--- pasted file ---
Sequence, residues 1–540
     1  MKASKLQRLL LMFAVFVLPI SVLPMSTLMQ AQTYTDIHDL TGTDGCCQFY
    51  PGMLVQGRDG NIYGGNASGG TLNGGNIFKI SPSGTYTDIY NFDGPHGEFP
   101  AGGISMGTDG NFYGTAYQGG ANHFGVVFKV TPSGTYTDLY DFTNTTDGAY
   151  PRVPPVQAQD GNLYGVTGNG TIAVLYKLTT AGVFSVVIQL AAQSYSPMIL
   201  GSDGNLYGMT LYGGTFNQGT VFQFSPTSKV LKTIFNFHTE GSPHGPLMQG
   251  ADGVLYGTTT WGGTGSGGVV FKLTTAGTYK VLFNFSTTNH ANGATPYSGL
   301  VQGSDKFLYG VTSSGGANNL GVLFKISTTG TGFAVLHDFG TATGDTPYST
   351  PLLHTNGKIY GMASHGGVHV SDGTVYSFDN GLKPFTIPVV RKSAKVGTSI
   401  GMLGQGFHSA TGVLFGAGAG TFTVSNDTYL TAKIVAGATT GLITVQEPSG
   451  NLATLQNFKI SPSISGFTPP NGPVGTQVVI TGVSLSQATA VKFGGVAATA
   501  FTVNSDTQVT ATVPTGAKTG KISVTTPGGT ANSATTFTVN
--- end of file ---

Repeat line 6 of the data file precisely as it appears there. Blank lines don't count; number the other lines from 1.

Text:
   201  GSDGNLYGMT LYGGTFNQGT VFQFSPTSKV LKTIFNFHTE GSPHGPLMQG